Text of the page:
As discussed above, to reconstruct the signal of sparsity 12, six-time iterations can exactly satisfy the demand for precision. Totally clock cycles are required to accomplish the whole iterations:
QR decomposition is another widely used and effective least square method. Unfortunately, because of the considerable computation complexity, its computation load and resource requirement will have a sharp growth with the increase of matrix size. Even though parallel architecture is considered in the hardware implementation, with respect to computation time and resource utilization, QR decomposition can hardly obtain the excellent performance that CG iteration creates. Figure 7 gives the clock cycles that CG iteration took with the increase of sparsity.
According to above-mentioned experimental results, the proposed technique is more feasible for processing large-scale sparse dictionary and reconstructing signals with large sparsity.
4.2. Calculation Latency and Resource Utilization of Proposed IOMP Algorithm
In this paper, IOMP algorithm is utilized for reconstructing sparse signals. To process a 512-length measured vector of sparsity 12, assume the size of Fourier basis matrix and dictionary to be and , respectively. It requires 4245 clock cycles to find out one column of dictionary, 1053 clock cycles for Schmidt orthogonalization and updating residual , and 1080 clock cycles for LS computation, respectively. Thus, totally 64656 clock cycles, that is, 391.8 , are required to accomplish the whole reconstruction work.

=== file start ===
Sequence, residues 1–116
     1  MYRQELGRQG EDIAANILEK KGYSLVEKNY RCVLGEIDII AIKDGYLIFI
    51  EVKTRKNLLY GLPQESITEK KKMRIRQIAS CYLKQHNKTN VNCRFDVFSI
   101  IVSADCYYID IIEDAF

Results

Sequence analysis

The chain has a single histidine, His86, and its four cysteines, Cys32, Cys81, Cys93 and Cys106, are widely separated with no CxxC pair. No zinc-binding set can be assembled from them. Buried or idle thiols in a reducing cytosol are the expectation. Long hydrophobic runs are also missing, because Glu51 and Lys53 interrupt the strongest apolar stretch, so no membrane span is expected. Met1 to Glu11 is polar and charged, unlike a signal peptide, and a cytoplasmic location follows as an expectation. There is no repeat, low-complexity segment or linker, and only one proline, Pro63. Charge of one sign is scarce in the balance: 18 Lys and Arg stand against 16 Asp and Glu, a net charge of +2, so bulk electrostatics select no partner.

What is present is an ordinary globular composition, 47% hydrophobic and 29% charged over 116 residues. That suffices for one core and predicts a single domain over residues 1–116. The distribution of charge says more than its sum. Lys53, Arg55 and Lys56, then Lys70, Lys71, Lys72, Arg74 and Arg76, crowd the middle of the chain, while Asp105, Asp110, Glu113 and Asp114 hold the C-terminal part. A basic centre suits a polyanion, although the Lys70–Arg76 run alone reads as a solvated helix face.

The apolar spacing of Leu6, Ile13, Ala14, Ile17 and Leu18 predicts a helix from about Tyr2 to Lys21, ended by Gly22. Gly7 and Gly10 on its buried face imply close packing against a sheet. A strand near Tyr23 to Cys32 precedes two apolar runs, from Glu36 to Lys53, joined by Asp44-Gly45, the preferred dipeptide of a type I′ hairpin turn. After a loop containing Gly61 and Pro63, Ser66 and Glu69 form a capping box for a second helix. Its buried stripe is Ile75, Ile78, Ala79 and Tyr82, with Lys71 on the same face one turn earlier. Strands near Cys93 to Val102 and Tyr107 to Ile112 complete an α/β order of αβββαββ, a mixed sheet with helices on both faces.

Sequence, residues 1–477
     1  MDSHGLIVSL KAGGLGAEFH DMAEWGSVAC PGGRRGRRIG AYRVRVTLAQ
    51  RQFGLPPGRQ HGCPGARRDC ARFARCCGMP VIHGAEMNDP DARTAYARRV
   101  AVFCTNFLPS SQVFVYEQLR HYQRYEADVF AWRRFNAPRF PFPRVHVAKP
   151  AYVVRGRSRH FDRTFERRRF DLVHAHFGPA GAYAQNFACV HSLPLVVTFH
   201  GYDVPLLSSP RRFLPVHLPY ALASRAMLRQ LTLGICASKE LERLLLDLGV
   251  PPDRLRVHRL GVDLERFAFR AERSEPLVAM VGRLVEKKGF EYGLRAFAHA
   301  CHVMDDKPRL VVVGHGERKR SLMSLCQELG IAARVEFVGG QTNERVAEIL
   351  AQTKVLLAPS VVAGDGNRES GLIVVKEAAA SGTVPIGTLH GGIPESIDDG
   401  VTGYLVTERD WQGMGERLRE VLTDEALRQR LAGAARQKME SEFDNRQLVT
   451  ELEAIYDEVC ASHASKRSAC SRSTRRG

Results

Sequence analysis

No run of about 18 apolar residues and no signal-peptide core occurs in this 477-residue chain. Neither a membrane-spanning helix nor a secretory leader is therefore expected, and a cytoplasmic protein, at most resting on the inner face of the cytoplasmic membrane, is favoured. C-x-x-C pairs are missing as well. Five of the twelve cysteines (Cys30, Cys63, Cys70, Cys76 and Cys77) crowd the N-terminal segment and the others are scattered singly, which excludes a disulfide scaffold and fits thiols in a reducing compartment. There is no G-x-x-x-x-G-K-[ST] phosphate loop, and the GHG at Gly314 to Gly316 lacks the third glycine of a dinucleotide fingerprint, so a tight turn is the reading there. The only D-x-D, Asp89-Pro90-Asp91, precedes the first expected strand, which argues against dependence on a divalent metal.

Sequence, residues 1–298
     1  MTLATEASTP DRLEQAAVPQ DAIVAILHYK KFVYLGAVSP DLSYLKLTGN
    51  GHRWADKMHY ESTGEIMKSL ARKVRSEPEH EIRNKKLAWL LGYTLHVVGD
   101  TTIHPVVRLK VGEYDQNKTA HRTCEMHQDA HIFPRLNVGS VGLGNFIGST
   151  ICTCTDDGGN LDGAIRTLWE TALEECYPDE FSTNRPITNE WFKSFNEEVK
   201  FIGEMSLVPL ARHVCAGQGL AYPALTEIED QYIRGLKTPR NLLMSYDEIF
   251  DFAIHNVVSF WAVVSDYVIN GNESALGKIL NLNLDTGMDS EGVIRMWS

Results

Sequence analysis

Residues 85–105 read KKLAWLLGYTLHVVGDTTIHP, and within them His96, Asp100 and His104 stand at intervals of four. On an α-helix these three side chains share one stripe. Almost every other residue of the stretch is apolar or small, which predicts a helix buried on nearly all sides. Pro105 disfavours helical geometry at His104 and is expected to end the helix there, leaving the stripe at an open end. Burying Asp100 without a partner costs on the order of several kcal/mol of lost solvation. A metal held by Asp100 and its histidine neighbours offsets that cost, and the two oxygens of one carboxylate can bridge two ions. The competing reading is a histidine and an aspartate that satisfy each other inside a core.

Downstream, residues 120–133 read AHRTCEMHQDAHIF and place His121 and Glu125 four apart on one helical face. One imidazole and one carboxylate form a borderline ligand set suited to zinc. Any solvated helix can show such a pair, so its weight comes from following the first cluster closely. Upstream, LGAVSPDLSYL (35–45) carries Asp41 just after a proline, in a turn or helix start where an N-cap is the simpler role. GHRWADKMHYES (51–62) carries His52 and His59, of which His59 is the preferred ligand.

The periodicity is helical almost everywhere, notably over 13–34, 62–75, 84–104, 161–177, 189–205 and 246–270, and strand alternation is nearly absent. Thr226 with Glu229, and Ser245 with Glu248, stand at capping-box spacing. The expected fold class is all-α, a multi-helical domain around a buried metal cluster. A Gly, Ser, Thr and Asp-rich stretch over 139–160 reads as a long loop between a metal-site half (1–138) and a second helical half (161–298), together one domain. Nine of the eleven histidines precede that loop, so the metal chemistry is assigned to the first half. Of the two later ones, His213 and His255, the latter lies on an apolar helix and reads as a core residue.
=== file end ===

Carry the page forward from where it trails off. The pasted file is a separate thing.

Table 1 provides the synthesis and implemented result reported by the Xilinx ISE14.3. Notice that FPGA resources are sufficient for processing reconstruction algorithm in this example.
Radar echoes are complex data containing phase and amplitude information. Theoretically, to accomplish the multiply operations of two complex numbers, totally four multiplications, one addition, and one subtraction are conducted. Relatively, only one multiplication is needed for the multiplication of two real numbers. Thus, processing complex data has considerable computation load over processing real data.
Many works about OMP accelerated reconstruction, including both software implementation and hardware implementation, have been published [9, 18, 22, 24, 39, 40]. Comparisons between them and this work are carried out with respect to computing speed, maximum working frequency, computation accuracy, and so forth. Table 2 expatiates on the comparative results. Compared to other works based on FPGA, a higher working frequency of 165 MHz is achieved in this work. Authors in  present VLSI implementation of an optimized OMP algorithm to process the dictionary of size 32 × 128 with sparsity of , which totally takes 24 . In , highly parallel FPGA implementations of two CS reconstruction algorithms OMP and AMP are proposed, which run on a Xilinx Virtex-6 FPGA. The hardware realization discussed in  totally takes , where is the sparsity. It totally takes 478.8 to accomplish CS reconstruction when . Besides, the reconstruction work is also executed on CPU and GPU. A parallel architecture of implementing OMP algorithm based on GTX480 GPU is proposed in . To reconstruct a signal of 8192 points with sparsity 32, totally 15 ms is required. Work  proposes a CS method for many-core architectures, for example, the cell processor, GPUs, and CPUs. Compared to the implementation by Intel Core i7 whose computing speed is limited by available dominant frequency, apparently a higher reconstruction speed can be achieved by this work. Meanwhile, CPU and GPU exactly consume much more power. Work  executed a MATLAB code of OMP algorithm on Intel Core Duo CPU at 2.8 GHz. To reconstruct a 128-length signal of sparsity 5, totally 606 is required. In contrast, our work obtains a speedup of 33 times.